Article

N1-aminopropylagmatine, a new polyamine produced as a key intermediate in polyamine biosynthesis of an extreme thermophile, Thermus thermophilus. J Biol Chem

Josai University, Saitama, Saitama, Japan
Journal of Biological Chemistry (Impact Factor: 4.57). 09/2005; 280(34):30073-82. DOI: 10.1074/jbc.M413332200
Source: PubMed

ABSTRACT

In the extreme thermophile Thermus thermophilus, a disruption mutant of a gene homologous to speB (coding for agmatinase = agmatine ureohydrolase) accumulated N1-aminopropylagmatine (N8-amidino-1,8-diamino-4-azaoctane, N8-amidinospermidine), a new compound, whereas all other polyamines produced by the wild-type strain were absent from the cells. Double disruption of speB and speE (polyamine aminopropyltransferase) resulted in the disappearance of N1-aminopropylagmatine and the accumulation of agmatine. These results suggested the following. 1) N1-Aminopropylagmatine is produced from agmatine by the action of an enzyme coded by speE. 2) N1-Aminopropylagmatine is a metabolic intermediate in the biosynthesis of unique polyamines found in the thermophile. 3) N1-Aminopropylagmatine is a substrate of the SpeB homolog. They further suggest a new biosynthetic pathway in T. thermophilus, by which polyamines are formed from agmatine via N1-aminopropylagmatine. To confirm our speculation, we purified the expression product of the speB homolog and confirmed that the enzyme hydrolyzes N1-aminopropylagmatine to spermidine but does not act on agmatine.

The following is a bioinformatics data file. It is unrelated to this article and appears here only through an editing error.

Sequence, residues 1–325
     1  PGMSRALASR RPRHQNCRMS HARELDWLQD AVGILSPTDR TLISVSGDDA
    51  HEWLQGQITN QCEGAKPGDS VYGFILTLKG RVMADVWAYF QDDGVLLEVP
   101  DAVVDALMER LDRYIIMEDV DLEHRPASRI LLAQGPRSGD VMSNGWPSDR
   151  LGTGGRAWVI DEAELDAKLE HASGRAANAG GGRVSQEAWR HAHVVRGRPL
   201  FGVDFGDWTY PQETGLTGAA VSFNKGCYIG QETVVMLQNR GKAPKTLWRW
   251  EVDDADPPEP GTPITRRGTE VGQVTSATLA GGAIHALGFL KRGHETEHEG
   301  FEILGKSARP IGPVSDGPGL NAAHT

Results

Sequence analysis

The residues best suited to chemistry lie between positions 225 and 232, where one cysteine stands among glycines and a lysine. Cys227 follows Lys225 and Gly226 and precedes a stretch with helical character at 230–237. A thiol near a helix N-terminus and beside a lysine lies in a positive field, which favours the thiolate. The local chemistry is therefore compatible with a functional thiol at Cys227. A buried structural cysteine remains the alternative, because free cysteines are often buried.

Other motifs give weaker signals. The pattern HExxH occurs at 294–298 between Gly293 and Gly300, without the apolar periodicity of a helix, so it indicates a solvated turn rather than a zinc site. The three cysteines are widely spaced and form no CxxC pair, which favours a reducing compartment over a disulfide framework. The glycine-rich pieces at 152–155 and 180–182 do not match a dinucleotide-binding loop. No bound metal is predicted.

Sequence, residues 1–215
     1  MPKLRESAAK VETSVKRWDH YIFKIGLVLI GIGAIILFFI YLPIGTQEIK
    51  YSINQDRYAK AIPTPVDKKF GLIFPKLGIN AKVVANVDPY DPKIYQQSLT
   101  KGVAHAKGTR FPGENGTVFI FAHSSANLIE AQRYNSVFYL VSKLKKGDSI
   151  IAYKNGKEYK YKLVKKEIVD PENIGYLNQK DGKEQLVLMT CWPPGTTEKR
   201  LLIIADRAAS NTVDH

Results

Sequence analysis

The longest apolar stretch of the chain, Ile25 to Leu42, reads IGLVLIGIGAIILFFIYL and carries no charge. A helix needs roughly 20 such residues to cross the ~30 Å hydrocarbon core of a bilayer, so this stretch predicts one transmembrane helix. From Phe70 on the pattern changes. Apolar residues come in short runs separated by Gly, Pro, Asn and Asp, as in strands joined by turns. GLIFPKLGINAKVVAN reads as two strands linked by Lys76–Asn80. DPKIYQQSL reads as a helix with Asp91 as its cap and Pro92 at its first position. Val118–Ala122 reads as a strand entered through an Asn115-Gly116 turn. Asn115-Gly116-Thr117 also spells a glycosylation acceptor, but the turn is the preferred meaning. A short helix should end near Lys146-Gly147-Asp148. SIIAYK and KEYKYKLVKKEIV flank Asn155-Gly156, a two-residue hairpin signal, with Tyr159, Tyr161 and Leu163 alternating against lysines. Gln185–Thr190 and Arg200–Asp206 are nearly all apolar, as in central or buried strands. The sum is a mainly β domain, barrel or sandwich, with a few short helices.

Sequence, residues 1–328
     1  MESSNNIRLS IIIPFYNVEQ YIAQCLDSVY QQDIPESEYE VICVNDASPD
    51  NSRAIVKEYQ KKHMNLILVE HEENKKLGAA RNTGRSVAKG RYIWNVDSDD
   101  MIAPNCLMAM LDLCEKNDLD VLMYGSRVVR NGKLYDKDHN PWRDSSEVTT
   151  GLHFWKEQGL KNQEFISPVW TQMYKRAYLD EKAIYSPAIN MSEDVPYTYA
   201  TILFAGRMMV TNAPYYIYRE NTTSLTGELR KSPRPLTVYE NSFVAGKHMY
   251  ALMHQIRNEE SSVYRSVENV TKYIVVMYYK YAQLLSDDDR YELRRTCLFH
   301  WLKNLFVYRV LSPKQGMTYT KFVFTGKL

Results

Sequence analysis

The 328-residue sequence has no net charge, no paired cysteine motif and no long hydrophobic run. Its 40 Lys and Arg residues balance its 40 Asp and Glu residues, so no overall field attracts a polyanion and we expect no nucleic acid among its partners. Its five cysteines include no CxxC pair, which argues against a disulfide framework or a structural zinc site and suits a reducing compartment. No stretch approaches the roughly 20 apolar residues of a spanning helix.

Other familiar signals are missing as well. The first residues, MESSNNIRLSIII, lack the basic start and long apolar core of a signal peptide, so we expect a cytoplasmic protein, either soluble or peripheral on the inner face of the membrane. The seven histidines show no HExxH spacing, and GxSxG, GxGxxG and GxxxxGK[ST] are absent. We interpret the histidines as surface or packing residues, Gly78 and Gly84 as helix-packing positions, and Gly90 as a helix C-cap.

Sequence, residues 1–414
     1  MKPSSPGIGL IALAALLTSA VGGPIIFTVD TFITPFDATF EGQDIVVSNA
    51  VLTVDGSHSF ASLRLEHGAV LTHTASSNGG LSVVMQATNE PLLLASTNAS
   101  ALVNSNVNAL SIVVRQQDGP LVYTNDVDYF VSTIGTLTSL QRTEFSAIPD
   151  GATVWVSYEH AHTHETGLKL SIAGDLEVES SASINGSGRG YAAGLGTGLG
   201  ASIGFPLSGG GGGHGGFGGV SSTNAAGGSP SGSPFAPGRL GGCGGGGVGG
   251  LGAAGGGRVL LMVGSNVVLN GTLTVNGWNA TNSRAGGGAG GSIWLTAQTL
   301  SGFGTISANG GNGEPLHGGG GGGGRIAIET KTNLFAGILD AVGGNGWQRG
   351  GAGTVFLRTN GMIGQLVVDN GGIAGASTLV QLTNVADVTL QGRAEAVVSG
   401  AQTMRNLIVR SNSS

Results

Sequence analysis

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Available from: Yusuke Terui, Dec 22, 2015
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    • "Our metabolic studies have produced data that indicate an alternative route for polyamine synthesis. The common bacterial spermidine intermediate, putrescine, was not detected in any condition (detection limit for putrescine: 0.1 uM), which suggests that spermidine synthesis might be analogous to routes described in other extremophiles (Ohnuma et al. 2005). "
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    • "Thermus thermophilus has only one ACL5 gene homolog, SpeE, and this gene is assigned to encode bifunctional triamine/agmatine aminopropyltransferase (TAAPT; Ohnuma et al. 2011). Both bacterial and archaeal thermophiles have recently been shown to possess a unique pathway to synthesize spermidine in which agmatine is converted by TAAPT to N 1 -propylagmatine which is then hydrolyzed to form spermidine (Ohnuma et al. 2005, Morimoto et al. 2010). An ACL5-like TAAPT gene is also present in cyanobacteria . "
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    • "It is thus very likely that the prokaryotic sequences conforming this clade are the enzymes responsible for the synthesis of thermospermine , and they are not SPDS. The absence of SPDS activity in these prokaryotes is not surprising, given that, at least in T. thermophilus, spermidine is synthesized from N1-aminopropylagmatine and not from putrescine (Ohnuma et al. 2005). A subgroup of prokaryotic SPDS-related sequences , that contains a sequence of a cadaverine aminopropyltransferase from Pyrococcus furiosus (Cacciapuoti et al. 2007), is clearly separated from its paraphyletic SPDS, indicating that it can also be a group of sequences loosely annotated as SPDS (fig. "
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